Friday, June 29, 2012

Israel’s Watergate--Whose water is it?

Mark Langfan (left) seen here with his father, William Langfan,
during their recent visit to Israel, is finally getting a hearing,
after 22 years of hard work, to show
that Israel’s water resources are at risk.
(Photo: Atara Beck)
Not only is the claim that Israel steals water from the Palestinians a flagrant lie, but the exact opposite is true – Palestinians are stealing water from Israel, and Israel provides the Palestinians with plenty of water, says American attorney Mark Langfan, whose findings were recently confirmed by a detailed Coordination of Government Activities in the Territories (COGAT) fact sheet regarding the water issues in the West Bank, published by the Civil Administration of Judea and Samaria.

Focusing on the issue of water resources, Langfan has been struggling to bring awareness of what he sees as the need for Israel to hold on to the territories of Judea and Samaria, as well as the Golan Heights, in order not to lose access to its own vital water supply. -- Atara Beck, Jewish Tribune

To read more, click here.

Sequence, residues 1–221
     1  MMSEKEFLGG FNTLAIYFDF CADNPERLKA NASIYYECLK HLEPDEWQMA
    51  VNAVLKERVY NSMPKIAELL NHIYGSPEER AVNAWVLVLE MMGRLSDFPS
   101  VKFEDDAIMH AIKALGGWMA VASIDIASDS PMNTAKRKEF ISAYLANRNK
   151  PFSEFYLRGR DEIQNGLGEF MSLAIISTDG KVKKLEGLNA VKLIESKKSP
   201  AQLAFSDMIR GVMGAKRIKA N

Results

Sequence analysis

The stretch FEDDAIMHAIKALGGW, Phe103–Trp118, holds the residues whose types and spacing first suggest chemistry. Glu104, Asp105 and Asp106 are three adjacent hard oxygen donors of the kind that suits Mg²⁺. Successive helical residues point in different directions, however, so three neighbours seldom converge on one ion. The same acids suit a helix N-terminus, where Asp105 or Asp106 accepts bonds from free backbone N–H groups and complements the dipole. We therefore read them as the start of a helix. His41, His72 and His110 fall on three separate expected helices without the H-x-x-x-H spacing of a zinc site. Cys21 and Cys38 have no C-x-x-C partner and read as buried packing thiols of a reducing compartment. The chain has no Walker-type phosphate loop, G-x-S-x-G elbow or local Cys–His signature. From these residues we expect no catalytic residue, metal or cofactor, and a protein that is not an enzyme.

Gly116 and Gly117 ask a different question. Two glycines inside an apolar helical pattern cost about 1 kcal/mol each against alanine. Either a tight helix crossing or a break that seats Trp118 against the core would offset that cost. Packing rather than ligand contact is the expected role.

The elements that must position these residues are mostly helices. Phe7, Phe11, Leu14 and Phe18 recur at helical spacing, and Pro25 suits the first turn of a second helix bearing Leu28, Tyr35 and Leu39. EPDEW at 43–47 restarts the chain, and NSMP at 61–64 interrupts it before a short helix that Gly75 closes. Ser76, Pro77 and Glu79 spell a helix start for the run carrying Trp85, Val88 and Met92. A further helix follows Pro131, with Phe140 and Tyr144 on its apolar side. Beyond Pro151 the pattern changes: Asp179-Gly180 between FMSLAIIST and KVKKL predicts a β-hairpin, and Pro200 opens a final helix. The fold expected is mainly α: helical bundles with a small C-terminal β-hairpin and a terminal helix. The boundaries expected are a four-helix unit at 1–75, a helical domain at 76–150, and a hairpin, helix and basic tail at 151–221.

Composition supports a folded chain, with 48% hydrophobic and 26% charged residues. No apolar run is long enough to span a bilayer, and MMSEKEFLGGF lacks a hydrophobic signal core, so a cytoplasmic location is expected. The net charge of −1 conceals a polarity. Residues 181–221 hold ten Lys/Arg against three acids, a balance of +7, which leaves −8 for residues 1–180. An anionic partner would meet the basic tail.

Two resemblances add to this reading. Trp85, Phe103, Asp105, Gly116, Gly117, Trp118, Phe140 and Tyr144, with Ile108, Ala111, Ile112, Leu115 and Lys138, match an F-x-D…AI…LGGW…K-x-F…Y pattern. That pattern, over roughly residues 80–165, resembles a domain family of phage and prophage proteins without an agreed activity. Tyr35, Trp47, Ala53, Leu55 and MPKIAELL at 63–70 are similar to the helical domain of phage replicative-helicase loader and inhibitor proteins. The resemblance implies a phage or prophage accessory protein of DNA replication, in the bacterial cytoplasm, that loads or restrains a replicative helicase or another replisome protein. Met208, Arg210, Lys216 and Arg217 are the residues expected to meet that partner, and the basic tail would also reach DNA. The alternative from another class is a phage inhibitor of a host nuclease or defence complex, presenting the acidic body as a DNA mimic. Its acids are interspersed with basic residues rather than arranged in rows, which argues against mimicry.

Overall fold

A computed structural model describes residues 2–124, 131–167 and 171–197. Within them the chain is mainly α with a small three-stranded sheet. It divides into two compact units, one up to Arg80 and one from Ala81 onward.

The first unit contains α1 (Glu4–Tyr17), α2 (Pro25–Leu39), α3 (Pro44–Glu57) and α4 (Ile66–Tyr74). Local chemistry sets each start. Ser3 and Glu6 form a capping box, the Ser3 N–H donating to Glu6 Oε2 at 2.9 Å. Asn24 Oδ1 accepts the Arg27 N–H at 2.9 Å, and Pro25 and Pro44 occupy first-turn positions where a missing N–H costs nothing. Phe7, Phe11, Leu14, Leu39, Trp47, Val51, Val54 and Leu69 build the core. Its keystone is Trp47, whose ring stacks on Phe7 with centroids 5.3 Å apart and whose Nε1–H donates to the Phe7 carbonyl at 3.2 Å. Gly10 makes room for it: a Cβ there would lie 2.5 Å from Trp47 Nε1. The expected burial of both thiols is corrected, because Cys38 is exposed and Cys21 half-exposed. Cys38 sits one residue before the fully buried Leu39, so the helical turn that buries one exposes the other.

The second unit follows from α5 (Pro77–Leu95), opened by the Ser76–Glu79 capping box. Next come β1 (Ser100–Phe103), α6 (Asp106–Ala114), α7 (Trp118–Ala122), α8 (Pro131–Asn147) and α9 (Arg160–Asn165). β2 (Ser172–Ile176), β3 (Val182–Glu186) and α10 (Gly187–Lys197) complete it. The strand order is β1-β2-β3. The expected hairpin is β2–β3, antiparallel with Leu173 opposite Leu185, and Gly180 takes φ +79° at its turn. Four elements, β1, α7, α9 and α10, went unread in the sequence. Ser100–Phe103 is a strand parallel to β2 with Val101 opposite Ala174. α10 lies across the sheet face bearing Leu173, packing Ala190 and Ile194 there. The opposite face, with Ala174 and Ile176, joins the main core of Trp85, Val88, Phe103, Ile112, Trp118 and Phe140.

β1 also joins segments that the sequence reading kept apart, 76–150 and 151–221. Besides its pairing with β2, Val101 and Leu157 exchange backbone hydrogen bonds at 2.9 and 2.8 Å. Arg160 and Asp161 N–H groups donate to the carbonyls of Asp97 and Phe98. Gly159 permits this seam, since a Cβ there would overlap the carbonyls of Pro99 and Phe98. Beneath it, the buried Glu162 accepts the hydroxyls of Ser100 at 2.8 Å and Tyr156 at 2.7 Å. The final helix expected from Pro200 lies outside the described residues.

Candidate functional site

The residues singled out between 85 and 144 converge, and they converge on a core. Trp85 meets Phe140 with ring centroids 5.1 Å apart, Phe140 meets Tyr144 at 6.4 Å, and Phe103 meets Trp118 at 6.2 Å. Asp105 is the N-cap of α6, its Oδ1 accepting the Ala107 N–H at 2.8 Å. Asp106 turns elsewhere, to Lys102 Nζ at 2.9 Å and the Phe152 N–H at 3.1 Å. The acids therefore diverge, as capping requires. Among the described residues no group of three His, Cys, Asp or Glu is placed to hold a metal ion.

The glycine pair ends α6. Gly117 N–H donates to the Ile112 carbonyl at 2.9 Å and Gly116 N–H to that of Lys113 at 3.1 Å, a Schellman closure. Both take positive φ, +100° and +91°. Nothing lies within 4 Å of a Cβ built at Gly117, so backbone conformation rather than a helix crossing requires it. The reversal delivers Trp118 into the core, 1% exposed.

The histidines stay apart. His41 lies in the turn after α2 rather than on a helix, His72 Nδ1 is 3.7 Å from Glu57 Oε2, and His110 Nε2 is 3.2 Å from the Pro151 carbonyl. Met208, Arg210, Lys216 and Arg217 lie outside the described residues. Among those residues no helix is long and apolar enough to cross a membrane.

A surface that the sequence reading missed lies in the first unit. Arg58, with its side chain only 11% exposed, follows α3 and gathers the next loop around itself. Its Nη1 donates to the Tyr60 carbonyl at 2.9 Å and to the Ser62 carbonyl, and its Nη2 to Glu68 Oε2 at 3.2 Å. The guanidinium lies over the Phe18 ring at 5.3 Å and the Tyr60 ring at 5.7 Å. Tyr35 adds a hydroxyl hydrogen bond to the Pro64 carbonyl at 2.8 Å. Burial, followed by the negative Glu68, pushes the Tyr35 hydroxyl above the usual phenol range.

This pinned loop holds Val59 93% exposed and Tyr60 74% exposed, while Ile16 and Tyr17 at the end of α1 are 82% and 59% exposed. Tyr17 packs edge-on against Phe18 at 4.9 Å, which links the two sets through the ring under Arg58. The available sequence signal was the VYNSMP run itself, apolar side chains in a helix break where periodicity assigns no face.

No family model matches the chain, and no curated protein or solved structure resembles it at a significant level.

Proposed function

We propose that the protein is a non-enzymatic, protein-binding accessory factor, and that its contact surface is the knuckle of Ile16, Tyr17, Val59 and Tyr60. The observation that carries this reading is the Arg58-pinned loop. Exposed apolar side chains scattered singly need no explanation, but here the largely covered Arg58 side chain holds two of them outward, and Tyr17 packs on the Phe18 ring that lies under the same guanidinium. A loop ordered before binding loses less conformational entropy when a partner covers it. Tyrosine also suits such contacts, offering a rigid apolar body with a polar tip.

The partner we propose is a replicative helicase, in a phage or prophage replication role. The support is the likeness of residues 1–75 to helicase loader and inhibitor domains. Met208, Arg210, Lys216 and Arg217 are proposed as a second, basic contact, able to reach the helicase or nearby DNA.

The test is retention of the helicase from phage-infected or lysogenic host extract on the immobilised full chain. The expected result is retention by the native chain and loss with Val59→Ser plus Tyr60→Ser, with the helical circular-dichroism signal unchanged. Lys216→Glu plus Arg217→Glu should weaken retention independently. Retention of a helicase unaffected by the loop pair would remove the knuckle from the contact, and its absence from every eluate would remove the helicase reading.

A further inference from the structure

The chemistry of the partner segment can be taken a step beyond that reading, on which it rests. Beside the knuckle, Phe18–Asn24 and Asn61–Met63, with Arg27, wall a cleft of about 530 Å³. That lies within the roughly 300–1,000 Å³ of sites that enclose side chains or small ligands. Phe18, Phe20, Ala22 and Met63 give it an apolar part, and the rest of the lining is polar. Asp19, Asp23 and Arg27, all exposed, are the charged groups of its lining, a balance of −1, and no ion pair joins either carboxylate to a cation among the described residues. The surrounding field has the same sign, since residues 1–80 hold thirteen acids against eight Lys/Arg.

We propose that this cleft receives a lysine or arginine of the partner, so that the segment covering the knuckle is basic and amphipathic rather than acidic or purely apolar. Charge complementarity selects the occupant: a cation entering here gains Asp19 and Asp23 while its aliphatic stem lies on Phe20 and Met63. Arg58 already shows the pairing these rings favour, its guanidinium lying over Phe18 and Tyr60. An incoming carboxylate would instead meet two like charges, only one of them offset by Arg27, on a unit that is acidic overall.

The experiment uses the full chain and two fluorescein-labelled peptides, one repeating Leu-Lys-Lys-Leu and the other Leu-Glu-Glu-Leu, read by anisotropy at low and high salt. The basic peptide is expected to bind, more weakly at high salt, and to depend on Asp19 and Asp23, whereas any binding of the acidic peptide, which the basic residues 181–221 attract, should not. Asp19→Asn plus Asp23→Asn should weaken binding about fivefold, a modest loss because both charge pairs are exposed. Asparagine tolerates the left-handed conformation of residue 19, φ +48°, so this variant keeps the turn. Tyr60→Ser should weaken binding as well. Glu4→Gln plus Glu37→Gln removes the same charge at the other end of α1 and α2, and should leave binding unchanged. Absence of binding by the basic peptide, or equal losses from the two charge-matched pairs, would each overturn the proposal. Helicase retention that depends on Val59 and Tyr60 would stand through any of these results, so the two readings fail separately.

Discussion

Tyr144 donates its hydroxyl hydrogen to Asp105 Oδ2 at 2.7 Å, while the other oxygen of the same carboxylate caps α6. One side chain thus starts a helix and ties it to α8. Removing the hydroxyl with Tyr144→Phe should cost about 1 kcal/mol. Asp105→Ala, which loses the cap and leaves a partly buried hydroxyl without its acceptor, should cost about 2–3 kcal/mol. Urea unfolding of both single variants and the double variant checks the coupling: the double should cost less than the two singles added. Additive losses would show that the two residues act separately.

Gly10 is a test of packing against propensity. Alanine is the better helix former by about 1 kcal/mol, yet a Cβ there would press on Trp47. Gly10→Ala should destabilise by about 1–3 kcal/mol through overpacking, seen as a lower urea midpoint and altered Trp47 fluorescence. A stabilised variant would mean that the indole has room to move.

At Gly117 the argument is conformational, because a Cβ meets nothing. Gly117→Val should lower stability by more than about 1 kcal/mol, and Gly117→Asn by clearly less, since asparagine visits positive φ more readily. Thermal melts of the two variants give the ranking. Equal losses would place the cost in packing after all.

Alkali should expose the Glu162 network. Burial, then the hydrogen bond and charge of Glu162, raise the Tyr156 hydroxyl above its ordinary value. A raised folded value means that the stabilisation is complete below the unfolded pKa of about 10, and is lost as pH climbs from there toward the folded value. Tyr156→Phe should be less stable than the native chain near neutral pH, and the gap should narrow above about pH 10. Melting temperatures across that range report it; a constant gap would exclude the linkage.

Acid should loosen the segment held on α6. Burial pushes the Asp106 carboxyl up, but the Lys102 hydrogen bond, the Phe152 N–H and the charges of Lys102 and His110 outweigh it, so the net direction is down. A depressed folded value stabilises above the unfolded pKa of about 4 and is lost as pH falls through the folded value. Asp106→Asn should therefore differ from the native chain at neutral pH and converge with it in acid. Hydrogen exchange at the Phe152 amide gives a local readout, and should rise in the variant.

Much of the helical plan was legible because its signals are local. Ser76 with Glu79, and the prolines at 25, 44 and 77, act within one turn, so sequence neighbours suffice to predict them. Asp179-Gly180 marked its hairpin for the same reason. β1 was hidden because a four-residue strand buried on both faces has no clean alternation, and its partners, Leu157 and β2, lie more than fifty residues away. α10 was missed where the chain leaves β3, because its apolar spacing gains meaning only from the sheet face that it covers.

Opinion: Couscous, flags and ‘The Color Purple’

I don’t think Alice Walker really believes that the popular demand for a Hebrew-language edition of “The Color Purple” is so great that the government of Israel will evacuate the Jewish settlements in the West Bank in order to win her approval for its publication. But those of us who worry about the Jewish state ought to be concerned that a writer of Walker’s stature is lending her name to the cultural subsection of the BDS (Boycott Divest Sanction) movement….

One unhappy but mostly overlooked consequence of the BDS movement is that Israel is being erased, sometimes quite literally, from the cultural landscape in which we live. -- Jonathan Kirsch, Jewish Journal

To read more, click here.

How Birthright Changed Us

A trip to Israel connected participants to our Jewishness. But it didn’t make us more politically engaged.
Photo: Adam Brener
On the final evening of our trip—in the sleepy, slightly seedy coastal city of Netanya most famous stateside for the Hamas suicide bombing that killed 30 people in 2002—I asked several participants the following, deliberately open-ended question: How did the past 10 days change your opinions of, or attitudes toward, Jewishness or Israel—if it did at all? I also asked one soldier, my Jerusalem roommate Chen Mor—a Navy man who had managed to join us for drinks—how his experience had changed his perception of Israel and American Jews.

Reading the responses, including my own, I’m struck by the extent to which Birthright seems to have worked—up to a point. It created young Jews who say they are more likely to engage with their Jewishness, and also ones with visceral connections to Israel. -- Marc Tracy, Tablet